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One of a presidential chief of staff’s greatest challenges is deciding what is important for the president to know.

Presidents, like everybody else, want to know everything,” said Andrew Card, former White House chief of staff for George W. Bush from 2000-2006.  “It’s the chief of staff’s job to make sure that the president has what he needs — but not everything he wants — and that he focuses on real presidential decisions, rather than just government decisions.”

Card, who joined Steve Scully, the political editor for the C-SPAN networks, and participating students from George Mason University, Purdue University and the University of Denver for a live video conference on Apr. 7, provided a window into a chief of staff’s daily life.

“I would try to be at my desk at 5:30 in the morning,” Card said.  “The first document that I would read would be the President’s Daily Brief, the PDB.  That would be information and analysis that came from the CIA.  Then I would read economic and domestic news.”

Card also kept constant tabs on the whereabouts of the first and second families using a little locator box on his desk.  Days were not limited to eight-hour shifts.

“You don’t do real work while the sun is shining,” said Card.  “You do the work in the middle of the night.  It wasn’t unusual for me to get a call from the speaker to come to the House at two, three or four o’clock in the morning.”

The president’s job is an even more demanding one.

“The president had to face unprecedented challenges,” Card said.  “I watched President George W. Bush lead with presidential courage.  He had the courage to make very, very tough decisions.”

Card shared some insights into the Bush administration:

  • At first, everyone thought a plane flying into one of the World Trade Center towers was “a horrible accident.”
  • The realization that America was under attack by terrorists caused Bush to focus “on the unique and unbelievably lonely responsibility he had to preserve, protect and defend.”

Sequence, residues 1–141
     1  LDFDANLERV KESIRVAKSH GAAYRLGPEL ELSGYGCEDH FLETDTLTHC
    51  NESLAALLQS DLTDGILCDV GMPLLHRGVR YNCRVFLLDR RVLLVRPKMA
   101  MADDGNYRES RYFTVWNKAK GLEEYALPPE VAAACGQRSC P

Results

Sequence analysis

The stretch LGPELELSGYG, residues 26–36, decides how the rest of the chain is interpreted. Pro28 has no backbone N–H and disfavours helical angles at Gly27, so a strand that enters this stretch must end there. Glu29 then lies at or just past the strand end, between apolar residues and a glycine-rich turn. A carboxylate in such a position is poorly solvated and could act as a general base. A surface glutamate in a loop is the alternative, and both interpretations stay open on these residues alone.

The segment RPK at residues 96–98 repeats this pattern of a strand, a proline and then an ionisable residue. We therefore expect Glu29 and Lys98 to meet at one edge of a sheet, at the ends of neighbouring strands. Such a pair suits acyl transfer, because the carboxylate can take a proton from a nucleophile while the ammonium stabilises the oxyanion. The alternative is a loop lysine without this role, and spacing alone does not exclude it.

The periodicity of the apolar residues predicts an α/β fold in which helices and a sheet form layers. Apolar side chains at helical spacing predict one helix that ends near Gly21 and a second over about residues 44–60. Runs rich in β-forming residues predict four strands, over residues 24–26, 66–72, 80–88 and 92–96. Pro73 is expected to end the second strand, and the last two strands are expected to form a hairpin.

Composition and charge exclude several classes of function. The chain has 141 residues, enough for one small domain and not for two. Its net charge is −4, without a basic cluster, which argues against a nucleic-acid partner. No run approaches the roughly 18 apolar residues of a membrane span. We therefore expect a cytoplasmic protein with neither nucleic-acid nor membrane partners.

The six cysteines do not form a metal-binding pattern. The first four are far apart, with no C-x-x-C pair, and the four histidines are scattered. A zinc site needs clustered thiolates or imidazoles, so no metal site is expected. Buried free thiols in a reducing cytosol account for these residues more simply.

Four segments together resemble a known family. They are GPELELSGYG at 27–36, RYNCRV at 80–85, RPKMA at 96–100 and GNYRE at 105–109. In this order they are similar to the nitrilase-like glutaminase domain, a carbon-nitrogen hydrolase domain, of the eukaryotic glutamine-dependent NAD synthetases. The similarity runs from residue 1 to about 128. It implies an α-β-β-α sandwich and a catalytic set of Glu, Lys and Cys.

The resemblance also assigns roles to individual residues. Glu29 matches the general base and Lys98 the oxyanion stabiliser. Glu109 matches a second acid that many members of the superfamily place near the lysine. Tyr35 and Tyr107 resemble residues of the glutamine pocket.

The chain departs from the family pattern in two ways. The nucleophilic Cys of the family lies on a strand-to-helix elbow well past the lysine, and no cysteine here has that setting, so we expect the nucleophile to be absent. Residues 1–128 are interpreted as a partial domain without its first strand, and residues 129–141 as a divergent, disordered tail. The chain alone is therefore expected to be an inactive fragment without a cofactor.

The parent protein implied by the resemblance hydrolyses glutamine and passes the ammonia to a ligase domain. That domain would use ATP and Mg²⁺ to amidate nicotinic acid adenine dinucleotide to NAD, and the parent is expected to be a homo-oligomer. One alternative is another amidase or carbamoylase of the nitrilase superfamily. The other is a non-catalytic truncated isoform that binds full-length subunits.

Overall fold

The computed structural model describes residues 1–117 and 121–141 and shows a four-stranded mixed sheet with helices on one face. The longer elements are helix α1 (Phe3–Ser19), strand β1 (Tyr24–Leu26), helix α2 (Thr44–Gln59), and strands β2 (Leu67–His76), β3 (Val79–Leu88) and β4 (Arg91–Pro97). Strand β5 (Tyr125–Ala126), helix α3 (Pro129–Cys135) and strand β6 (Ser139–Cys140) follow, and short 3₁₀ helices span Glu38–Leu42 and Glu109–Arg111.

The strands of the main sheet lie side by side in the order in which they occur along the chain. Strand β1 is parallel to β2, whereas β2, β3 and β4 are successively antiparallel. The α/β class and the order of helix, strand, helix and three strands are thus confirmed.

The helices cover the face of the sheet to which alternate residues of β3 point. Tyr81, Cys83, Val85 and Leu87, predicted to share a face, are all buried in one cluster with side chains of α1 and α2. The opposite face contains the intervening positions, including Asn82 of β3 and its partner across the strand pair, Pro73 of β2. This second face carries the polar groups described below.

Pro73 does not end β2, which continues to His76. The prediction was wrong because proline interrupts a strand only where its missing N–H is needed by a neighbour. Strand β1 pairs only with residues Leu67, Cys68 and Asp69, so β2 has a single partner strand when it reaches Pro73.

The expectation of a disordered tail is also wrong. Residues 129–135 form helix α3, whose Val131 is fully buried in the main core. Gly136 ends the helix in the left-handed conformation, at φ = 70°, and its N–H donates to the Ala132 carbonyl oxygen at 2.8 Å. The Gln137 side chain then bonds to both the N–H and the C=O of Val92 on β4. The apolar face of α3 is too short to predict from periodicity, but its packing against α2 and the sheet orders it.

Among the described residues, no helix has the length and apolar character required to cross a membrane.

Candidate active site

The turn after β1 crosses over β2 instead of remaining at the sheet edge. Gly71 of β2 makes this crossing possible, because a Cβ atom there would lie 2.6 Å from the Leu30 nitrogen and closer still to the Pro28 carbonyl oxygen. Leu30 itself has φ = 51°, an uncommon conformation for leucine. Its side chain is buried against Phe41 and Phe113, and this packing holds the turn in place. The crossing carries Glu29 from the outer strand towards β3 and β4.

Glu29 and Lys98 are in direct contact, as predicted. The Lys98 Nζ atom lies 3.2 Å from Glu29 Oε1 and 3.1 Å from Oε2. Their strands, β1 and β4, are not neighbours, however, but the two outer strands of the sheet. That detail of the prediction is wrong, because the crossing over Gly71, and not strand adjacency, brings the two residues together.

• The “Mission Accomplished” banner on the aircraft carrier USS Abraham Lincoln celebrated the successful completion of a mission by the carrier, its leadership and its crew.  The banner “was never meant to be part of the overall messaging of the president’s speech.  If you read the president’s speech, he never said that he accomplished the mission of the battles in Iraq.”
  • Bush did not have a victory celebration after either of his elections.
  • In his second term, Bush wanted to reform Social Security and immigration.

In an apparent swipe at Obama, Card said Bush did not allow politics to drive his decision-making.

Presidents have to be love magnets when they seek office, but they have to have the courage to be lonely while they serve,” said Card.  “Some presidents don’t know how to do both of those inconsistent things at the same time.”

Card hammered the point home further.

Being smart includes recognizing the world as it is, rather than what you want it to be,”  Card said.  “It’s very difficult to deal with the world as it is.”

To illustrate, Card enumerated various crises, other than 9/11, during the Bush administration:

Professor Steve Klein asked, “How much don’t we know and never learn of ?”

Card confessed that what he misses the most is the information he was privy to, even though it was “frightening, the enemy is real and challenging to thwart.”

Produced by C-SPAN, the distance learning course is a unique opportunity for students to interview guests via video conference.  It airs on Friday at 5 p.m. and also streams online (http://www.c-span.org/Distance_Learning/).

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